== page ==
How to build successful business to business (B2B) relationships in China : an Australian tourism case study perspective

  • David Lindsay

    Student thesis: Doctoral Thesis


    The thesis develops a greater understanding of Australia-China business to business (B2B)
    relationships in tourism services. The research focuses on Australian inbound tour operators
    (ITOs) successfully conducting business in China. There has been little empirical investigation
    in service sectors like tourism despite China's significant contribution to Australia's balance
    of payments. Building trust and exploring connections and relationships in an Australia-China
    business setting has been studied but not through the lens of cultural intelligence (CQ) and
    within the context of a dyadic Australia-China understanding. CQ is defined as a person's
    capability to deal effectively in situations characterised by cultural diversity. The research also
    draws upon the industrial marketing and purchasing (IMP) paradigm to classify and interpret
    ITO interactions, relationships and networks as a base unit-of-analysis (UOA).
    A focal critical case plus complementary smaller cases are investigated and analysed using
    convergent interviewing of Australian ITOs and their Chinese counterparts. Finding Australian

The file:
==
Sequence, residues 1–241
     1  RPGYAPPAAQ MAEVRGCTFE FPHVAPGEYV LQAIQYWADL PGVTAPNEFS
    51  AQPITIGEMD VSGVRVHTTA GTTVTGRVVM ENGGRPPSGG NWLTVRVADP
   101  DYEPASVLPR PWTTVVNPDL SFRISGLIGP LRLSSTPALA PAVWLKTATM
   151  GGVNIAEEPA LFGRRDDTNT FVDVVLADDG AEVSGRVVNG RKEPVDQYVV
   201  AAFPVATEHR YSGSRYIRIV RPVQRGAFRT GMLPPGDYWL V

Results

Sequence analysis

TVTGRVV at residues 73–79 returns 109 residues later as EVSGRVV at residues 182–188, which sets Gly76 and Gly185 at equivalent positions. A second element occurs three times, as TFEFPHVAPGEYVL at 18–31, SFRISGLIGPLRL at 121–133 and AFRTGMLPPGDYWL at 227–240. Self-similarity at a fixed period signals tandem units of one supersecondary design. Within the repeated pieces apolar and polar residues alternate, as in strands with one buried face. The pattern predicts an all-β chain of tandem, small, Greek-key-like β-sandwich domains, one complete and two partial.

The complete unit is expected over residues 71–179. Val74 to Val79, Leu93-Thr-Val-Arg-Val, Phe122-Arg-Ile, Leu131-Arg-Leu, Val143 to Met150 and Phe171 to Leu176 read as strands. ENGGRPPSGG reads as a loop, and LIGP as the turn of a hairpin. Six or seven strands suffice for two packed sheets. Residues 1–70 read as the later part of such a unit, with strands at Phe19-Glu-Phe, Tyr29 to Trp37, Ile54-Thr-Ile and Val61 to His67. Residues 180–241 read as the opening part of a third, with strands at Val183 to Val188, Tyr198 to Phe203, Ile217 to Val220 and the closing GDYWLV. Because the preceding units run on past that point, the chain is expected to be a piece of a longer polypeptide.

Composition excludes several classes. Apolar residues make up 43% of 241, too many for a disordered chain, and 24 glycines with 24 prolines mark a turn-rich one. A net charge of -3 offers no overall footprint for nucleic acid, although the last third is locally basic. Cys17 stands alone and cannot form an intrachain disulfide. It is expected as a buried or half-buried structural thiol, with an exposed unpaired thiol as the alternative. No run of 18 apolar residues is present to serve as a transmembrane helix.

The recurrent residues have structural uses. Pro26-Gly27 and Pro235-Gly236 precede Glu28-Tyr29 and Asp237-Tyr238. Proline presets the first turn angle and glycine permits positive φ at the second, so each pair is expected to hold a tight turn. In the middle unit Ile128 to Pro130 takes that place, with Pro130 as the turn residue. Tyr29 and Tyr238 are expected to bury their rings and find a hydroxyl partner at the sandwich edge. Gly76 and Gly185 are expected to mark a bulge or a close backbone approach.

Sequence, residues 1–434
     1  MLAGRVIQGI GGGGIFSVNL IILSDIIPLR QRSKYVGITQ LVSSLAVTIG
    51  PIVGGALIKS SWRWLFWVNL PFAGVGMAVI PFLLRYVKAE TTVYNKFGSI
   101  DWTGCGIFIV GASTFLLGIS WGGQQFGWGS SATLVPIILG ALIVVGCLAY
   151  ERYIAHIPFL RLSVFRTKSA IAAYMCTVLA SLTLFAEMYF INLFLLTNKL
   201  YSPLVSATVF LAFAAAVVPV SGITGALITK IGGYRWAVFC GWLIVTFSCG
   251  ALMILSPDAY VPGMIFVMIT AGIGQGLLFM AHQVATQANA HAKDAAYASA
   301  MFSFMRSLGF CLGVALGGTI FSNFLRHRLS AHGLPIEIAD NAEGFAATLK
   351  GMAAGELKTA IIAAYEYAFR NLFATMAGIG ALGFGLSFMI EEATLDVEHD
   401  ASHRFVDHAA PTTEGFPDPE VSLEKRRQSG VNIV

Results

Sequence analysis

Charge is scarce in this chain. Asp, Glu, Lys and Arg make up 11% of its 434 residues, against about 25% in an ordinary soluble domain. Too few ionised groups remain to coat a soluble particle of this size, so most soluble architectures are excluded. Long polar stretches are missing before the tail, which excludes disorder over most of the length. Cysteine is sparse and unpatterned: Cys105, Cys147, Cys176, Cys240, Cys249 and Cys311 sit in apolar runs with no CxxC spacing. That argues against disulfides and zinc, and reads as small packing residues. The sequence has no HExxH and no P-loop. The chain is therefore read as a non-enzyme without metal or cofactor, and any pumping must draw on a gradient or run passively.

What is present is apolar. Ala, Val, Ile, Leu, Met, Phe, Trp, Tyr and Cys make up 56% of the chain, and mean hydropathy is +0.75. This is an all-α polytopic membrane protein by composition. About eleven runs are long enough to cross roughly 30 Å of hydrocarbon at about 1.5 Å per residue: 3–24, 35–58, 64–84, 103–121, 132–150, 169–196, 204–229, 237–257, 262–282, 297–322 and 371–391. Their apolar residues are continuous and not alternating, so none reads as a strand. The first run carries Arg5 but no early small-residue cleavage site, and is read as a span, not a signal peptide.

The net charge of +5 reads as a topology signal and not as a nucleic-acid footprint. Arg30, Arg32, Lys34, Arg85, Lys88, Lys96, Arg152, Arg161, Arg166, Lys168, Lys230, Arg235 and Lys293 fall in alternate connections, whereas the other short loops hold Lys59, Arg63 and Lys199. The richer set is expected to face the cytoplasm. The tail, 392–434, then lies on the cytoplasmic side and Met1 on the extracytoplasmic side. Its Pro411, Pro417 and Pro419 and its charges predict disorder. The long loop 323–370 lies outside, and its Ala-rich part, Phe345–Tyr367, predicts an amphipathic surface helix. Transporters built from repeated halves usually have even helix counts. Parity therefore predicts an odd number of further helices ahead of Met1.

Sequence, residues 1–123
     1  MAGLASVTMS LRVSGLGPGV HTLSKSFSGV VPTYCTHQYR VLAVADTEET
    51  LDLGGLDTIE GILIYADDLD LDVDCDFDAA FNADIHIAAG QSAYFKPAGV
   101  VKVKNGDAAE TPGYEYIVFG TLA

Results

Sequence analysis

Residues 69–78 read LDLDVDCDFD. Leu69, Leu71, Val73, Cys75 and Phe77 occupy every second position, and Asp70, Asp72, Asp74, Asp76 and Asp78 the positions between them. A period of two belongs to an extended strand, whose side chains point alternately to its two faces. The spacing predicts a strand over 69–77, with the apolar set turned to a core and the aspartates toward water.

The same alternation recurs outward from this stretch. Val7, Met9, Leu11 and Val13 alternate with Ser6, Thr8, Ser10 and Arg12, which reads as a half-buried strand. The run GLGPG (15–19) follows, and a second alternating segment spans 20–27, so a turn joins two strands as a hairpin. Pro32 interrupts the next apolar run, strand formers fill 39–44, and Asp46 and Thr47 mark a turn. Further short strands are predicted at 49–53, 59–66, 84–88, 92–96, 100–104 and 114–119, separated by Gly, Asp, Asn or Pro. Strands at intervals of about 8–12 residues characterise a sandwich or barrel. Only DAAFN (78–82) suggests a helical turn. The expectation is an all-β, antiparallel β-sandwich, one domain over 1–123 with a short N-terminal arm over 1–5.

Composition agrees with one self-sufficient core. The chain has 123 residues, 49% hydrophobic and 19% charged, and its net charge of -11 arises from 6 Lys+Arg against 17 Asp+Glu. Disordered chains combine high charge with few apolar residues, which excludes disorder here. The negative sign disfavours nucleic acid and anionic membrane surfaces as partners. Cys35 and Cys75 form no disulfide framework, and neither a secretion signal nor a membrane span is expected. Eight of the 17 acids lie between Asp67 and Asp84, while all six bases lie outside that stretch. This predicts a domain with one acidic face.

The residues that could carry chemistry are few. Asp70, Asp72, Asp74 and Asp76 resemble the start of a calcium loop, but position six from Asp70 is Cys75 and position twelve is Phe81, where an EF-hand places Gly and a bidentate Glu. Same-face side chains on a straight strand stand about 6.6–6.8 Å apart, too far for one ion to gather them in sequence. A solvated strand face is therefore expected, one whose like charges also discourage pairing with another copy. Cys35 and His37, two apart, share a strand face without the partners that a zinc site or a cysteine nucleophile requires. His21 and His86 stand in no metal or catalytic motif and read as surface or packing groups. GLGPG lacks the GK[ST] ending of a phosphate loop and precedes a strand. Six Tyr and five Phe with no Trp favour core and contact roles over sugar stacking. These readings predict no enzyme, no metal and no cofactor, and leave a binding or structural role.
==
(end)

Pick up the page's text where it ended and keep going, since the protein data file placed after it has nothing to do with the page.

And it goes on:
ITOs successfully conducting business in the Chinese market is not simple as this market has
    been dominated by ethnic Chinese agents. The thesis offers a rare insight of the B2B dyad
    operating in the unique tourism services sector. Key aspects investigated in the thesis include;
    how ITOs established themselves; what lessons ITOs have learnt; what ITOs have been doing
    right, in the right place, and at the right time, and identification of common themes for
    ongoing success.
    The research highlights the importance of establishing long term business and inter-firm
    relationships starting through interpersonal links, bonds and ties. Understanding the holistic
    needs of the Chinese customer is crucial. Organizational frameworks have been developed
    for Australians contemplating a Chinese business venture. Important aspects include scope,
    pace and rhythm of the two-way relationship development that is described here as
    understanding China's guanxi-dominant logic (G-D Logic) and aspects like China's deep view
    of trust (xinren). Australian ITO success is built on deep and sustained personal and firm
    interactions with Chinese counterparts.
    Date of Award2019
    Original languageEnglish
    Awarding Institution
    • University of Canberra
    SupervisorByron Keating (Supervisor), Raechel Johns (Supervisor), Sharon Jin (Supervisor), Anton Kriz (Supervisor), Raechel Johns (Supervisor) & Raechel Johns (Supervisor)

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